Hawaii was, there were some unsettling issues. My understanding is that of all of the islands, Kaua'i is the most idyllic and undeveloped. From what little I saw, this was certainly the case. The cost of living, however, is incredibly high. We flew into Lihue, which was, for all intents and purposes, a small but contemporary urban city, and prices on regular goods here were noticeably higher. The further away from the city you went, the higher the prices got. We stayed on the north side of the island in Princeville, and grocery prices were nearly three times what they might be on the mainland.
Most of the people living in the area did not seem to care too much, however, because they were largely the upper class elite and exuded the attendant entitlement that one might expect. The general impression I got was that Hawaiians are aloof and exclusive. By "Hawaiian," I don't necessarily mean the stereotypical indigenous people of the island. This cultural group was clearly not in the majority, nor did they generally hold much power beyond their roles as torchbearers for traditions that the upper class elite have marginalized through high-dollar land ownership.
Don't get me wrong - Hawaii is incredibly diverse from a cultural
standpoint, and there were many people that I met who I genuinely
liked. This schism between idealized "Hawaiinness" and the street-level reality, however, often set me ill at ease - probably more than it should have.
As with every year, I have a few albums that just did not quite make it into the top 20. In this case, a couple of these albums I was saving at the end of November for the top ten, but they got edged out by some last-minute rising stars. It would not be unfair to put this catchall list in a limbo between #11 and #10.
Wobbler – Rites at Dawn: An online discussion with a few Yes fans about Wobbler caused me to reevaluate Rites at Dawn. I rescind the majority of the criticism I leveled against it a few years ago – It s a fantastically complex and tuneful iteration of retro-prog that just couldn’t quite find a place in this year’s top 20.
Ghost of a Sabertooth Tiger - Midnight Sun: Sean Lennon’s newest project wades into the same retro-nostalgia that Tame Impala did last year. Musically, there is a lot to like about it, but there are a few lyric ideas that did not totally win me over.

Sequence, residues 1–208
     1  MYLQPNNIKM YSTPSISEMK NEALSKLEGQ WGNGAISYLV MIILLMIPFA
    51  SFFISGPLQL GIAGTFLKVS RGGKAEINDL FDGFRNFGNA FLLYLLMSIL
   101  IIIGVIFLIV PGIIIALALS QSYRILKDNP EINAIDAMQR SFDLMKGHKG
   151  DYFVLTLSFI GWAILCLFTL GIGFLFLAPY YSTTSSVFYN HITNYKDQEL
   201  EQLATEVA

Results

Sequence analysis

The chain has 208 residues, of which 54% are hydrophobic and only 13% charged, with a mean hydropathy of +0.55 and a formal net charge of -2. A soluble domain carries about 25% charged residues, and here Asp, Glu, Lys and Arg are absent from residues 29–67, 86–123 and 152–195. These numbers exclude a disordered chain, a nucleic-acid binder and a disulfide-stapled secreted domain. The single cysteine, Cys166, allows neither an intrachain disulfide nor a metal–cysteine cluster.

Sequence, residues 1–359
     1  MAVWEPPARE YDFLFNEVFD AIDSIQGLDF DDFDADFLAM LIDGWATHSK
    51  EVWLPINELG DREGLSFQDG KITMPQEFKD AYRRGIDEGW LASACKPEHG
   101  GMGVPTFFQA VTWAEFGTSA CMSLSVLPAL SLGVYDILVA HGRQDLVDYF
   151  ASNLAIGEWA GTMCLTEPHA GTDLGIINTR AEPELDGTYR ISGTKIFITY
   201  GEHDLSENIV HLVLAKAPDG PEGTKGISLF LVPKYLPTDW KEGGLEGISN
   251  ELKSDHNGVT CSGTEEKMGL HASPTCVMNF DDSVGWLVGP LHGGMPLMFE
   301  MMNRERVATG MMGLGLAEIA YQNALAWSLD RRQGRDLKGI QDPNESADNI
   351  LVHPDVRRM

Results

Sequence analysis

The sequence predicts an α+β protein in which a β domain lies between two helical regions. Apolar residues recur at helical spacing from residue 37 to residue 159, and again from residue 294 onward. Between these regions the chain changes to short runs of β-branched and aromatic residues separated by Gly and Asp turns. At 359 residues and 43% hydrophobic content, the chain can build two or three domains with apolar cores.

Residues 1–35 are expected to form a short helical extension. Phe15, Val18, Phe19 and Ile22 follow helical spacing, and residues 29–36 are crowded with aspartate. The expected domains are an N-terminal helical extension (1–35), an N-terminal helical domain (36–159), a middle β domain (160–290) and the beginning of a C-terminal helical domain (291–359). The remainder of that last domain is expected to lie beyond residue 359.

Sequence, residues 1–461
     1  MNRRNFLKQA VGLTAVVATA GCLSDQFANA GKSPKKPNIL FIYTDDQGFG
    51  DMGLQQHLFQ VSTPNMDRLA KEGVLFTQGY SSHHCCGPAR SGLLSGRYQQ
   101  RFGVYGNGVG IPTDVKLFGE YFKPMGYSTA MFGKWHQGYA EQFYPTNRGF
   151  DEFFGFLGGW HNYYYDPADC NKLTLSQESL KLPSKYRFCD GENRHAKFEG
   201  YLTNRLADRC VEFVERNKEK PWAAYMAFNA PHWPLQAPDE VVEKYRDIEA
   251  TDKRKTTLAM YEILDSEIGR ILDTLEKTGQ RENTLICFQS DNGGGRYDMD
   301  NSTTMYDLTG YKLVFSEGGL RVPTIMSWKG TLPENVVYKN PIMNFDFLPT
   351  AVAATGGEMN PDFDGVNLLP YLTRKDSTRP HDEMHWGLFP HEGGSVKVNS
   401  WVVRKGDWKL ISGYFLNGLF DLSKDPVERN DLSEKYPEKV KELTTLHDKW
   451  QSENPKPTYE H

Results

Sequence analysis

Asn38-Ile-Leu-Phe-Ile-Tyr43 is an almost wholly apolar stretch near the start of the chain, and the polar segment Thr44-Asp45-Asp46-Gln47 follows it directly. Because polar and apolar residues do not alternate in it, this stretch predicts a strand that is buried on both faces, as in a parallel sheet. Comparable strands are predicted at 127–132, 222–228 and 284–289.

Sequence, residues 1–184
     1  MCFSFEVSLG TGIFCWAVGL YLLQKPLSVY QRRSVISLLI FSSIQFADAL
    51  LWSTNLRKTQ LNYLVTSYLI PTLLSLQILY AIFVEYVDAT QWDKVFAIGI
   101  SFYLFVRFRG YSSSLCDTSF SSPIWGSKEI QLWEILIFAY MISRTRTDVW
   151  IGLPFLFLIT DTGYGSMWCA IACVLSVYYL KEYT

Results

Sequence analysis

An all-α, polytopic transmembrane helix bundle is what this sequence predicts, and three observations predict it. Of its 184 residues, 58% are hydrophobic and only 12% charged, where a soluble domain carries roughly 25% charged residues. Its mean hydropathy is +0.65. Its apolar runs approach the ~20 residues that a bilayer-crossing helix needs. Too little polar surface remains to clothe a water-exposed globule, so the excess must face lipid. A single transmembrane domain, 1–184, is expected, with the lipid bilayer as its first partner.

Peter Gabriel – [car]: For a long time, I viewed Peter Gabriel’s debut album as a disjointed first step into what would become a masterful solo career. I reframed the album this year as a creative burst by the artist who led Genesis to its logical end, however, and from this perspective I find it to be incredibly compelling.
Haim – Days are Gone: Haim combines the tunefulness of 80s girl bands like the Bangles with the empowered voice of TLC and other female 90s hip hop. While they sometimes rely too much on obvious hooks, their tunes are catchy and their delivery charismatic.
The War on Drugs – Lost in The Dream: Although I fail to see how this is a criticism, The War on Drugs were quite publicly chastised this year for sounding like Bruce Springsteen or the Dire Straits, circa late 80s. Lost in a Dream is a great album that sort of slipped between the cracks, but has proven to have great replay value in the long term (meaning that I really grew to love it in December, after the top 10 had mostly been set).
Friday, January 2, 2015
Thursday, January 1, 2015
From an environmental perspective, it was life-changing, and an introspective way to spend a very busy, somewhat hectic year. Also a very good year in music. If you look at this list alongside last month's post, there was a distinct move back towards progressive rock in comparison to last year, but it still contains a satisfying diversity of styles.